There have been many movies about disaffected young men being brought out of their shell by romances with quirky young women. It has happened so often in the last decade that the phenomenon has been given a name: the Manic Pixie Dream Girl. At first, Ruby Sparks
seems to conform to the rules of the genre, but its metafictional elements largely allow it to subvert the pitfalls of the genre, the movie calling into question the very nature of these onscreen romances. The movie can’t quite sustain its cleverness all the way to the end, but in the moments that it does, Ruby Sparks
Calvin (Paul Dano) wrote his first novel when he was just nineteen years old. It catapulted him into fame, the book hailed as a new American classic. Ten years later, however, Calvin has yet to follow up on that success. He’s having trouble writing, lacking the inspiration to put words on paper. But at the prodding of his psychiatrist, he begins to write about a girl that he encounters in a dream. Much to his surprise, that girl suddenly shows up in his apartment one morning. Ruby (Zoe Kazan) is the girl of Calvin’s dreams, but he realizes that she’s also his creation. What starts out as the ideal relationship turns difficult as Ruby exercises her will, and Calvin is tempted to change her.
The film is clever enough to acknowledge that fantasy romances aren’t real. It gets daring as it depicts scenes that would occur past the point most movies would end. Ruby’s collection of quirks get to stop being endearing, and Calvin is eventually confronted with the reality of relationships. It builds great drama in the disparity between the image of Ruby in Calvin’s head and the truth of her person. The movie can be clumsy in outlining its points, having its characters basically spell out the themes in extended conversations. But when it works, it’s glorious. The film dances on the edges of both comedy and tragedy, often capturing a smart mix of the two.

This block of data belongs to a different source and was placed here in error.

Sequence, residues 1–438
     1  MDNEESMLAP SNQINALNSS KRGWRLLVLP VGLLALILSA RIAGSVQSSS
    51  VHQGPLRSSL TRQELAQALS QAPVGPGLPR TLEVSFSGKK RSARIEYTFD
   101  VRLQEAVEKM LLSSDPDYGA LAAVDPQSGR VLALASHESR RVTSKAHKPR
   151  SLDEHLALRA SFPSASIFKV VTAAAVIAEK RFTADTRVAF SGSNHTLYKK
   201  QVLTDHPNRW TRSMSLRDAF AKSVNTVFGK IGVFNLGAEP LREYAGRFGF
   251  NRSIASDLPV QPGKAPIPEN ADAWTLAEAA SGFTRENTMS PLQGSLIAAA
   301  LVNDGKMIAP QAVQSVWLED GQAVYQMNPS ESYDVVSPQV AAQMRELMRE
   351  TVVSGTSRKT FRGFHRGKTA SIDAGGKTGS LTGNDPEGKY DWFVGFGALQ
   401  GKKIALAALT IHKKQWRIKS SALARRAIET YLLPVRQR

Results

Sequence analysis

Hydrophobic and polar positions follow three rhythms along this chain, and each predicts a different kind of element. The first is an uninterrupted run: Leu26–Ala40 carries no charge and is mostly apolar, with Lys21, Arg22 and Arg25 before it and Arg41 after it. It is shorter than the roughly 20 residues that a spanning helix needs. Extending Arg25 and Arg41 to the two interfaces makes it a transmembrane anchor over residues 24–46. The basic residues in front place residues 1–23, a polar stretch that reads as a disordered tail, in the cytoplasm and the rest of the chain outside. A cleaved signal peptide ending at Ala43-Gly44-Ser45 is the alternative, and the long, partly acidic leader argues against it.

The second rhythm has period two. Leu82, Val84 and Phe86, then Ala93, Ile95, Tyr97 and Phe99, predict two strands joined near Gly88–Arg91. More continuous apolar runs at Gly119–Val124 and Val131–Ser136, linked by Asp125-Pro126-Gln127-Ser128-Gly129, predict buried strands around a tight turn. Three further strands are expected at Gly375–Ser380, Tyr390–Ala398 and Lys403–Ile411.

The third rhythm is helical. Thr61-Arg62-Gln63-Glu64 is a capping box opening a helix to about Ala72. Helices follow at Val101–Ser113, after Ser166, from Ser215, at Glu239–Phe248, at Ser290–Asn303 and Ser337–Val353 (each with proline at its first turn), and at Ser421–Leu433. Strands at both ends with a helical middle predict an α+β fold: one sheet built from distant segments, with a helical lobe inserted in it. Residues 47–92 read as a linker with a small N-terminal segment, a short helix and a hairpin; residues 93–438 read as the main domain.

The movie does make one fatal mistake, however. This concerns the ending of the movie, so we can’t get into specifics. But the movie ends up betraying much of its own themes as it skews conventional in its final moments. For all the charm that the movie brings, it leaves a bad taste in one’s mouth as it fails to consider the dynamics of its characters. Otherwise, the movie is perfectly enjoyable. The direction is more than competent, ably balancing the film’s often disparate tones. The editing gives the film a real sense of momentum, barreling through the stickier moments.
Paul Dano provides an interesting, somewhat edgy performance. He recalls Woody Allen at times, playing up the nebbish quality of his character. But he really excels in outlining the darker side of the personality, accessing control issues and outright selfishness. Zoe Kazan, who also wrote the script, is perfect as the titular Ruby. She clearly has an attachment to the character, making the quirk feel a little more natural. Turns by Steve Coogan, Antonio Banderas, and Deborah Ann Woll are small but definitely memorable.
The ending of Ruby Sparks
is a big enough misstep to affect the enjoyment of the entire movie. It is painfully misguided, the scene betraying much of what the film had already built up. In the final accounting, however, there is still more good in Ruby Sparks
than there is bad. It manages to subvert expectations, using the allure of fantasy to depict a far more sober, truthful view of relationships than cinema is known to provide.